Colour: Don’t be afraid to use it. And don’t be afraid to paint your skirting boards, decorative cornicing and original doors the same shade. This is a fantastic way to give a room a modern monochromatic feel, while still maintaining its traditional forms.

MClayton_1608_6_ADE_TRI_022_D_LresImage: Our project on Trinity Road, SW17

Furniture: Anything too traditional can confuse the blended look you’re trying to achieve, especially if the property is retaining many of its original features. Instead, opt for more contemporary pieces, with one or two feature items that pay homage to your home’s era.

Finishing touches: Pay careful attention to the artwork, ornaments and soft furnishings you choose. Unifying things with colour is a great way to subtly blend the old and the new together, while building up the room’s texture.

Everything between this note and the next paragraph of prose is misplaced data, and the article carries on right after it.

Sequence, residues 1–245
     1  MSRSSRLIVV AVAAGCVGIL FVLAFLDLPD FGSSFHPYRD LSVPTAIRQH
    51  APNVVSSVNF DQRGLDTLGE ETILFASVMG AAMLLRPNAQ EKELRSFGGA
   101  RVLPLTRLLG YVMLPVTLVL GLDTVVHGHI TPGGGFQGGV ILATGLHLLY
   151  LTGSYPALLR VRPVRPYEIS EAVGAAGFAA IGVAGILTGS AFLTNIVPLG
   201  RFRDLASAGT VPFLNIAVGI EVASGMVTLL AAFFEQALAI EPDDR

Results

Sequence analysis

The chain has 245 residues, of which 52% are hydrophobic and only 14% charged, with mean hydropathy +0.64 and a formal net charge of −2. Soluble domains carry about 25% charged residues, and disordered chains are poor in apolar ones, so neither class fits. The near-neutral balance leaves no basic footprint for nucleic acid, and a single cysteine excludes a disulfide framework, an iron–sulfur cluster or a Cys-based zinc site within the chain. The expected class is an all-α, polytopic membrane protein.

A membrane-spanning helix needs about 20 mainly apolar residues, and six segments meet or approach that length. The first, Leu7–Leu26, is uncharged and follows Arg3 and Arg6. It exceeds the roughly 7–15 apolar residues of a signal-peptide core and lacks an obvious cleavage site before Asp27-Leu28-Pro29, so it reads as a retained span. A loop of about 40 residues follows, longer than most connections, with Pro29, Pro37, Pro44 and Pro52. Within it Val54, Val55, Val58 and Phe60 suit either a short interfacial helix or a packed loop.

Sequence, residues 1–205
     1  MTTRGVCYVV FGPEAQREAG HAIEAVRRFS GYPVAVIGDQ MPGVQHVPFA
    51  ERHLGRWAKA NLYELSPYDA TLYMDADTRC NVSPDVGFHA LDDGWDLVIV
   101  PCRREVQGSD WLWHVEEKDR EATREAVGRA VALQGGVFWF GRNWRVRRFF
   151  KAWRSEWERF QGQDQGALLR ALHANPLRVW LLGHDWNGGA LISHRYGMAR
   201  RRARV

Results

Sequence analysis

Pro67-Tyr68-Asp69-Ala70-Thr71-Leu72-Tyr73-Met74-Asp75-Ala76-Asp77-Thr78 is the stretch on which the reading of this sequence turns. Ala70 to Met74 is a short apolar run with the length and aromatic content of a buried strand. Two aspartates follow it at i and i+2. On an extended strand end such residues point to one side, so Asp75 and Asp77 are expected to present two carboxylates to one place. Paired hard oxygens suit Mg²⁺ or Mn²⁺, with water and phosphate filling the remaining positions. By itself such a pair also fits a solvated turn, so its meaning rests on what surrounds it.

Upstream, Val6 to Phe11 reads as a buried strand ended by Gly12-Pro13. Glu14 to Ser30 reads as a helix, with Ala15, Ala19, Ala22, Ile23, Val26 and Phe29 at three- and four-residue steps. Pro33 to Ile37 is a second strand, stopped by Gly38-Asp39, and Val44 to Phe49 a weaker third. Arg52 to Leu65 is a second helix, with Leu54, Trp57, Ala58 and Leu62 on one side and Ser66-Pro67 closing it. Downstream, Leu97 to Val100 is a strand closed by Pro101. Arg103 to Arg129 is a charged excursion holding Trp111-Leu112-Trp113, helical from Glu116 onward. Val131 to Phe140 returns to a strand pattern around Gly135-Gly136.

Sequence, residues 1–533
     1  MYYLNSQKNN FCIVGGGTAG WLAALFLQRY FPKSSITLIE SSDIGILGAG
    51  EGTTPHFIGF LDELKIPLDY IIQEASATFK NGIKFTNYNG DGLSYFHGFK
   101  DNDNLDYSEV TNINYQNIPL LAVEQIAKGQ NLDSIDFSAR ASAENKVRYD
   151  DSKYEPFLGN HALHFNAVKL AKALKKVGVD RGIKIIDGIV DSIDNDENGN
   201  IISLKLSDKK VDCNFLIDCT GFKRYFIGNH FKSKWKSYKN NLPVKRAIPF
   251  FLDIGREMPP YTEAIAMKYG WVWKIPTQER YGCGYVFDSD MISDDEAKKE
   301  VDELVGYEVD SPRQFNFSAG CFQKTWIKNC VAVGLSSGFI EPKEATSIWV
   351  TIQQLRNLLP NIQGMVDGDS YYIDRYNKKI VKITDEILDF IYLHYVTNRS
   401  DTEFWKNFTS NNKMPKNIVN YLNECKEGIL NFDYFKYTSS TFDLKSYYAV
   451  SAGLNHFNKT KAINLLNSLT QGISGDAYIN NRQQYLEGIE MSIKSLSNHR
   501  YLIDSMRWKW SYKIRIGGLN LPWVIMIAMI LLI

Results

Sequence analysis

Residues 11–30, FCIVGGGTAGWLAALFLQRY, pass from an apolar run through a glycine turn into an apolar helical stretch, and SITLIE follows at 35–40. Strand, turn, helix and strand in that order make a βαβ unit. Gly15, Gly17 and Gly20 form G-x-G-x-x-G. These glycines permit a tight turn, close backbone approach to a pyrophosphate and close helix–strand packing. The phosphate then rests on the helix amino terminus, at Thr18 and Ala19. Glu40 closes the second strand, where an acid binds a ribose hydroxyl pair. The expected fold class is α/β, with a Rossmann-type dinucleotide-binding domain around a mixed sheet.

Need inspiration? Speak to our creative team.

Finding balance

Refurbishing a traditional property certainly comes with challenges and requires more forethought than your average renovation. However, when you find the balance that’s right for your property, you’re left with a home that’s functional, beautiful and tells a unique story.

At BTL Property we know what goes into creating a bespoke home. Our team of professionals specialise in all areas of property refurbishment, from small renovations and reconfigurations to larger extensions, loft conversions and basements.

We also offer top-to-bottom house renovation services, providing our clients with a seamless, one-stop solution with turnkey results. We’ll handle absolutely everything, from the initial architectural design and planning, right through to the final decorative touches.

Want to know more? Get in touch today, and let’s talk about transforming your house into your dream home.



If you have any questions relating to this article, why not ask our Build team?